Lost on Calypso’s Island

The Odyssey remains one of the greatest and most archetypal stories of man’s journey away from and return to his most essential self. If you haven’t read it, you should and if you can’t remember much of anything about it, it’s definitely worth a refresher (with explanatory materials in hand). Homer’s poem is far too dense to make it feasible to provide much of a summary, but in this post I wish to focus on Odysseus’ seven years on an island, seduced and held captive by the sea nymph, Calypso. This segment of the story represents the great “stuck place” of the hero’s life. Spoiler alert: in order to find his way back home, he must build his own boat, tap into his inner wisdom, and reconcile who he has been with what his deeper nature requires. The archetypal changed man.


I resonate a lot with this portion of the Odyssey because I feel pretty stuck myself, only I’m probably playing both roles: that of Calypso and the hero, reluctantly complicit in my own captivity. I may rail against portions of it, stridently proclaiming my wish to flee but unwilling to cut ties. It’s sorta fun to say you’re a hostage—doing so eliminates all the responsibility for rescuing yourself, doesn’t it? I’m unhappy but there’s nothing I can do,” we whine, reveling in our self-pity. “It’s too late to change direction,” cowering behind our own laziness or fear.


Where are you stuck? What or Who is your Calypso’s Island—a refuge from dealing with nagging wants or desires you consider so threatening or highly inconvenient?


Now, I realize that I’m employing a lot of heavy allegory and high falutin’ literature to ask some intense questions about your life, but that’s the risk you run with my blog. It’s also, probably, why you read it. You want to think about these things; you simply need someone to help focus your thoughts. These are no small matters we’re addressing, so it’s understandable that, sometimes, you’d just as soon…not. I get it. As soon as I wish to avoid something, I start feeling tired or sleepy. I can’t maintain my focus; distractions develop into friends. Avoid, avoid, avoid.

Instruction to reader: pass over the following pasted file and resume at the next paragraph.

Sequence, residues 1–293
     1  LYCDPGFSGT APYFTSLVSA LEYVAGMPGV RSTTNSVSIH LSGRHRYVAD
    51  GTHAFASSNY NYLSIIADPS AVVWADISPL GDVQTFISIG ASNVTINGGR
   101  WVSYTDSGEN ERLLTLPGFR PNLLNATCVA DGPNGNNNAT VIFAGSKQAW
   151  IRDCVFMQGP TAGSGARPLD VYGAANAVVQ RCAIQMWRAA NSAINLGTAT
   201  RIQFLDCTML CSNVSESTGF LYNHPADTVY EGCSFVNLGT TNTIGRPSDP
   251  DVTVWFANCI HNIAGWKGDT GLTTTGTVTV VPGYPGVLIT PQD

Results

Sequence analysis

Sound familiar?


Wilderness periods are tough. Transitions demand much from us. We don’t know what we’re doing or where we’re going, stumbling around from pillar to post. Some of us rely on mundane routine to shield us from the inconvenient truths we know lurk beneath the surface.


But to round out our story, Calypso loved him, wanting to make Odysseus immortal and stay with her forever. He yearned to return home. Eventually, they became lovers and she bore him two children over the course of the seven years they shared a home. He found succor in her arms up until the time he built a boat and sailed away. Was he really her unwilling captive? Are you?




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